The Uzbek population is mainly comprised of Uzbeks, which are a Turkic group, however, there are also significant minority groups of Russians, Tajiks, Kazakhs, Karakalpaks and Tartars. A majority of the population are Muslim. However, there are Orthodox Christians and Buddhists, Jews, and Jews living within the country. Uzbeks, as their Central Asian counterparts, are recognized for being warm and friendly. It is commonplace to greet strangers and ask them questions regarding their families health, personal, and social lives.
Uzbekistan tours let you taste the local cuisine and offer some suggestions to other travelers. One typical meal may include palov (rice mixed with meat, onions, and carrots) or mutton cooked in the form of a Tandir. Uzbeks consume dumplings referred to as manti as well as a local variation of Kebabs. You can indulge in Uzbek food using traditional green and black teas, and also drinking yogurt, also known as Ayran. Although Uzbekistan is a majorly Muslim country, it’s secular. This means that you can enjoy locals wines that are produced in the region.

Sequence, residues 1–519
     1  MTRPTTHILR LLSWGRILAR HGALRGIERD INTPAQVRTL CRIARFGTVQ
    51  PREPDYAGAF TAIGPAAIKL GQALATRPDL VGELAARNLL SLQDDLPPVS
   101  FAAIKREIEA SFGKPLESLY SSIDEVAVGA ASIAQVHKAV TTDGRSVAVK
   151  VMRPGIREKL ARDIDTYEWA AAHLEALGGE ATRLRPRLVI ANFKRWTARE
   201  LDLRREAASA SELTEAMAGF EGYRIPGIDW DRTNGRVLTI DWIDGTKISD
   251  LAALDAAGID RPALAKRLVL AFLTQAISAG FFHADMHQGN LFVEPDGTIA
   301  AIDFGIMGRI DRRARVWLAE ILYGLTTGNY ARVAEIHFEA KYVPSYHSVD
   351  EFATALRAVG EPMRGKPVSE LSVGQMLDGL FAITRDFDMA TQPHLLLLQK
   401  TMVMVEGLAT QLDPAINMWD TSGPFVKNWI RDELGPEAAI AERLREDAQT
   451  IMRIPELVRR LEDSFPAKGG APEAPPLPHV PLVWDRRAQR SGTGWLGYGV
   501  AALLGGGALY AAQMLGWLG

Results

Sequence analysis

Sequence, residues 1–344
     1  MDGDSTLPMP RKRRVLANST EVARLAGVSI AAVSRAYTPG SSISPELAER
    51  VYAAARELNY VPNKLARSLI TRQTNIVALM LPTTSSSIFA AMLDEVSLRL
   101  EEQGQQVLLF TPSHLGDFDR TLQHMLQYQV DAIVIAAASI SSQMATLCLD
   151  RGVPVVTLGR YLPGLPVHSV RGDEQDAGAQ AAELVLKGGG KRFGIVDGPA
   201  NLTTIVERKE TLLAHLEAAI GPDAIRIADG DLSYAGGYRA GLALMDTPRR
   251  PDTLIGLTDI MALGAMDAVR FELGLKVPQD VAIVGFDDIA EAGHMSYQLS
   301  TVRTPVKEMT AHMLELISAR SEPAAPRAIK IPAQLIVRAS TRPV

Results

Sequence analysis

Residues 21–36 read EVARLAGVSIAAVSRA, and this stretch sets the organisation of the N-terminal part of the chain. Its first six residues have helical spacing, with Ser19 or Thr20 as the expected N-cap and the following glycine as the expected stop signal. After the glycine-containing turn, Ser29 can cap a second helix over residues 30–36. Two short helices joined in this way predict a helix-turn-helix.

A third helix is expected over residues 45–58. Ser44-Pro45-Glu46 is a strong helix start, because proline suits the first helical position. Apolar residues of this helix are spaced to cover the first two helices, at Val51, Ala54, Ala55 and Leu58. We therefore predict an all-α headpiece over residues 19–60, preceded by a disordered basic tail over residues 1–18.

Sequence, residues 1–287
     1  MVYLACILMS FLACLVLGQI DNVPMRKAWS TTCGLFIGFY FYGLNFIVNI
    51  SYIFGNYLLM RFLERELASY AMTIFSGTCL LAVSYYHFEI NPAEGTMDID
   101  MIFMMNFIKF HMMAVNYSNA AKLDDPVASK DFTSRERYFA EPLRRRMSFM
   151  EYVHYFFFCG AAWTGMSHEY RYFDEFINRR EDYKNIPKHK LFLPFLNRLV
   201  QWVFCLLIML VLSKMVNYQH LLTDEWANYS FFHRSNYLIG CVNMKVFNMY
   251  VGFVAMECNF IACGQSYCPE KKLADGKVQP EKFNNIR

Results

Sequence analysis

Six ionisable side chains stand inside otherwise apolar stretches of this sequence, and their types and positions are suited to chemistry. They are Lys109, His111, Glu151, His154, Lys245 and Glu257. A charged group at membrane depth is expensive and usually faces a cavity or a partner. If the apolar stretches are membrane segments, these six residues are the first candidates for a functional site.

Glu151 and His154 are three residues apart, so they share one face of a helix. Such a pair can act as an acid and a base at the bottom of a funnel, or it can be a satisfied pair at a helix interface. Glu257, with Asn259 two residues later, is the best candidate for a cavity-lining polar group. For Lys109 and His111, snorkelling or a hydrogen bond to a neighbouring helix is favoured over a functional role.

Uzbekistan is part of the Central Asian group between Asia and the Middle East. It shares borders with Kazakhstan, Tajikistan Kyrgyzstan, Turkmenistan, and Kyrgyzstan. Uzbekistan has a coastline along the Aral Sea as well as the vast, but very shallow lake Sarygamysh. The Kyzyl Kum (also known as the “red sand” desert) covers about 80% of the country. A small part of the Fergana valley is fertile. The mountains of Uzbekistan include the Tian Shan Range in the south of the country.
The bazaars in Uzbekistan are a shoppers’ paradise. Shopping here isn’t just an opportunity to make money however, it’s also a fantastic time. Tashkent’s markets, especially the Chorsu Bazaar are great places to find bargains. Shop for soviet memorabilia such as stamps and portraits of Lenin, and military uniforms and caps. You can also find local souvenirs, such as intricately patterned pottery, vibrant clothes, rugs and jewellery constructed from silver of the traditional. The Bukhara bazaar is perhaps one of the most beautiful, with its rows of fresh produce and smiling locals.
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